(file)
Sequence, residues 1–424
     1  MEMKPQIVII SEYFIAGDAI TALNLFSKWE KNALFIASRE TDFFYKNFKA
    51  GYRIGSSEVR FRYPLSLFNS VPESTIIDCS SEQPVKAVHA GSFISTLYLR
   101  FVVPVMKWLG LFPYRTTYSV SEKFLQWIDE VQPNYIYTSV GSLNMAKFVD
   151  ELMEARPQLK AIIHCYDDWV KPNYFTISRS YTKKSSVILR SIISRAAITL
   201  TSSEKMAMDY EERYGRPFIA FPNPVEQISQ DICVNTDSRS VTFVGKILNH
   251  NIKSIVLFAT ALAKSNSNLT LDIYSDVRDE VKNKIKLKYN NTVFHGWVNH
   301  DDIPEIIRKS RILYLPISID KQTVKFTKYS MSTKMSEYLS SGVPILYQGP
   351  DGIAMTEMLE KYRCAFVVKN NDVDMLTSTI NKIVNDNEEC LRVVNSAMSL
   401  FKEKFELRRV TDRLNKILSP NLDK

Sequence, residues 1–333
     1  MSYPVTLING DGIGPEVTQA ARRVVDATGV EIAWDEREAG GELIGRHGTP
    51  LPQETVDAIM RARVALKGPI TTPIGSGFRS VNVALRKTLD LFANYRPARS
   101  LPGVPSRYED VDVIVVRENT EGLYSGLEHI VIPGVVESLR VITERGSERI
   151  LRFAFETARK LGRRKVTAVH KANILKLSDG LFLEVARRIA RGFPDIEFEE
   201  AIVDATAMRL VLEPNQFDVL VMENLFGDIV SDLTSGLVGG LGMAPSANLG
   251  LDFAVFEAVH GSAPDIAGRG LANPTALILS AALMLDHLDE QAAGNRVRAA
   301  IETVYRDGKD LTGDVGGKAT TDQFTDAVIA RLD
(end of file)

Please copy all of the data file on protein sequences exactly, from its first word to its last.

Sequence, residues 1–424
     1  MEMKPQIVII SEYFIAGDAI TALNLFSKWE KNALFIASRE TDFFYKNFKA
    51  GYRIGSSEVR FRYPLSLFNS VPESTIIDCS SEQPVKAVHA GSFISTLYLR
   101  FVVPVMKWLG LFPYRTTYSV SEKFLQWIDE VQPNYIYTSV GSLNMAKFVD
   151  ELMEARPQLK AIIHCYDDWV KPNYFTISRS YTKKSSVILR SIISRAAITL
   201  TSSEKMAMDY EERYGRPFIA FPNPVEQISQ DICVNTDSRS VTFVGKILNH
   251  NIKSIVLFAT ALAKSNSNLT LDIYSDVRDE VKNKIKLKYN NTVFHGWVNH
   301  DDIPEIIRKS RILYLPISID KQTVKFTKYS MSTKMSEYLS SGVPILYQGP
   351  DGIAMTEMLE KYRCAFVVKN NDVDMLTSTI NKIVNDNEEC LRVVNSAMSL
   401  FKEKFELRRV TDRLNKILSP NLDK

Sequence, residues 1–333
     1  MSYPVTLING DGIGPEVTQA ARRVVDATGV EIAWDEREAG GELIGRHGTP
    51  LPQETVDAIM RARVALKGPI TTPIGSGFRS VNVALRKTLD LFANYRPARS
   101  LPGVPSRYED VDVIVVRENT EGLYSGLEHI VIPGVVESLR VITERGSERI
   151  LRFAFETARK LGRRKVTAVH KANILKLSDG LFLEVARRIA RGFPDIEFEE
   201  AIVDATAMRL VLEPNQFDVL VMENLFGDIV SDLTSGLVGG LGMAPSANLG
   251  LDFAVFEAVH GSAPDIAGRG LANPTALILS AALMLDHLDE QAAGNRVRAA
   301  IETVYRDGKD LTGDVGGKAT TDQFTDAVIA RLD